My colleague Brian Reich has just published a new book, The Imagination Gap. I’ve known Brian for over ten years and he is a brilliant strategist for executive leaders and global brands – nonprofits, startups, and political organizations. He has done a lot of work recently in innovation processes, especially to solve big social change issues. So, I was excited to dig into his most recent book and thinking.
The big idea in the book is that imagination is the greatest natural resource available to humans and organizations and it is a muscle that we are not exercising regularly. Brian says that in our work we are too often just doing what we know and have always done. In other words, taking the easy way out. Imagination is achieving something that has never been done and explore new ways of thinking and doing that can move beyond what we know and have always done.
Before you begin thinking that only geniuses have permission to use imagination, Brian gives us permission to use it. It isn’t a special skill or talent. It also isn’t the same thing as creativity or innovation. Above all, imagination is about big NEW ideas.
The book gives us an introduction to imagination and the important role is plays in all aspects of our lives – personally, professionally and as a community. The book also describes the barriers and challenges to using our imagination and provides some steps that we can take to close the imagination gap. What I like is that each chapter includes a good summary of the content, plus an imagination challenge where we can work our imagination muscles.
My favorite chapter is called “A Different Kind of F-Word,” and it is about the role that imagination plays in supporting a culture of failure. Brian and I once shared a keynote plenary at the NTEN conference in 2012 – titled “Failure is not an F-Word,” and Brian dropped a few F-bombs on the stage. So, I wasn’t surprised to see a chapter on this important topic, but appreciated how Brian’s thinking about it has evolved.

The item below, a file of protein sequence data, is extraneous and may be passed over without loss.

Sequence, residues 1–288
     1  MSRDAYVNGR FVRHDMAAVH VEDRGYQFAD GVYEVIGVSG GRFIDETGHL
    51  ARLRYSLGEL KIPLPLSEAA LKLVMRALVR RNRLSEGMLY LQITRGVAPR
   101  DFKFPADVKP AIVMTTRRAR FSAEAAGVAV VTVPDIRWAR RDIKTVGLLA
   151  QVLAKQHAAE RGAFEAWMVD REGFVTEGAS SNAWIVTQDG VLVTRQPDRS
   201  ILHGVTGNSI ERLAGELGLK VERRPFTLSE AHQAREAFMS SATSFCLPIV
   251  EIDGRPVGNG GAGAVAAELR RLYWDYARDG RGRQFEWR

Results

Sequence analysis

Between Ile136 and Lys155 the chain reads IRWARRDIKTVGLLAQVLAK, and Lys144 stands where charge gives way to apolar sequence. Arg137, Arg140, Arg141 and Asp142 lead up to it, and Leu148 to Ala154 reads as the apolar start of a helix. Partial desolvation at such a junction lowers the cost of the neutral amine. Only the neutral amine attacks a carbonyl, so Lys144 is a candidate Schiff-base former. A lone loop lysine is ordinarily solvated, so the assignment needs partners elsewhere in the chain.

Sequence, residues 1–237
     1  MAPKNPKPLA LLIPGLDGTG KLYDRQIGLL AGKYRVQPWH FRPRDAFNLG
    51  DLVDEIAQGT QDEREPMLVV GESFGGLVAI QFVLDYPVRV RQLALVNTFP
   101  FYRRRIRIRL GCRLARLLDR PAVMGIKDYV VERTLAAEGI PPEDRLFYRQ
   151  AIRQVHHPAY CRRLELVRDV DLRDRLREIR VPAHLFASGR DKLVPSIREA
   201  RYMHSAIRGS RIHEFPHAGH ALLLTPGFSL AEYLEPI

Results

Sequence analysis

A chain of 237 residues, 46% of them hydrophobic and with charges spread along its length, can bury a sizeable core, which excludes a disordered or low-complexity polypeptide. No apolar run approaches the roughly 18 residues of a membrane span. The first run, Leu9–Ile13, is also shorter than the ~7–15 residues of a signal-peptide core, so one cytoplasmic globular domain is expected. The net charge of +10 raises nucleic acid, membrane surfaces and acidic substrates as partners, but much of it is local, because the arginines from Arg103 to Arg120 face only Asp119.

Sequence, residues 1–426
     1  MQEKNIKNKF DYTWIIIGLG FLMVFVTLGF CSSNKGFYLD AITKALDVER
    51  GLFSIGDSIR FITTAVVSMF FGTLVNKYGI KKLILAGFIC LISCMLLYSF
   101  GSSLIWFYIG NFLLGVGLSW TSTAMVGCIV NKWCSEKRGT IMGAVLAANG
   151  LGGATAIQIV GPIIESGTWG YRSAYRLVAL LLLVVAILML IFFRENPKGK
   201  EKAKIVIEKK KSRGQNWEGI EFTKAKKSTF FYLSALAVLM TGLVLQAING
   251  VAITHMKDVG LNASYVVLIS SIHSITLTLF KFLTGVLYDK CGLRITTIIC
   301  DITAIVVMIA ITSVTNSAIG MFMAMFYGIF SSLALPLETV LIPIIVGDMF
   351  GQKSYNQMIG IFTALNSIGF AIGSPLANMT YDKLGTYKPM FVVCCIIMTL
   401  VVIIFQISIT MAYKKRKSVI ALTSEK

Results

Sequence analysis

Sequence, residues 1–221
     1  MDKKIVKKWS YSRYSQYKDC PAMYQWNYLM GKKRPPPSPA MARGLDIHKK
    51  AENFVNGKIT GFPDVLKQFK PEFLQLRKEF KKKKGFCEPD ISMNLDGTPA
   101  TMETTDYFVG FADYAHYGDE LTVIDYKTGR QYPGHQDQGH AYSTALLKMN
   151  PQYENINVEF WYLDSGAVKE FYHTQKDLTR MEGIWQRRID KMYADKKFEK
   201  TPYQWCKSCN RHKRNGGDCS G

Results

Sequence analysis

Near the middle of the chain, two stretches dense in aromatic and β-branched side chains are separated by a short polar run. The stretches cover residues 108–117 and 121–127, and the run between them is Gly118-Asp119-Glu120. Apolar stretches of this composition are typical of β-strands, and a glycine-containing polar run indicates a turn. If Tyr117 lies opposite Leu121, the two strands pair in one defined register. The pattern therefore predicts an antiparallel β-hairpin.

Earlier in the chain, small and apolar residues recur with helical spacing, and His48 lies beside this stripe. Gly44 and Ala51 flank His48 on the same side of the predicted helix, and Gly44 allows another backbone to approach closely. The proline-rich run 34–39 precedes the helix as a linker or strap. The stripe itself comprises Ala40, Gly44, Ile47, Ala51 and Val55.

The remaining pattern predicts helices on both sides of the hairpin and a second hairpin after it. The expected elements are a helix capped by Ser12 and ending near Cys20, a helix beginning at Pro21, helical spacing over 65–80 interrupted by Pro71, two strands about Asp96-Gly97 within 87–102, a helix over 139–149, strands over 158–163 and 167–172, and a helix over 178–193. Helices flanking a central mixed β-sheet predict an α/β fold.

Brian talks about how popularity of “failing” has faded from our conversations over the past few years. While the decline of failure as a meme may be linked to a downturn in the economy or an increase in political rancor, Brian says that the reason is that we’ve gotten lazy and stopped using our imagination. He says it is because we’re just more comfortable with the status quo.
He reminds us of the value of failure: It leads to change when we can remove the stigma and understand how to improve something. He also reminds us that when we’re comfortable with failing, it becomes easier to do. And while there may some tension to encourage failing, Brian says it is only way to unlock imagination.
The imagination challenge for this chapter is to analyze a mistake. After you apologize, think about what went wrong and try to understand how it could have gone differently. As Brian reminds us, it is not the act of making a mistake that invites learning, it is the process of sitting with it, and feeling the pain of discomfort that it causes that will motivate you to learn how to improve it.
This book is a wonderful walk through learning how to use your imagination. The chapters are well-researched and engagingly written. At the end, there is a bonus exercise or two to help you apply the idea. Imagine the problems we could solve, if the nonprofit sector collectively used its imagination every day!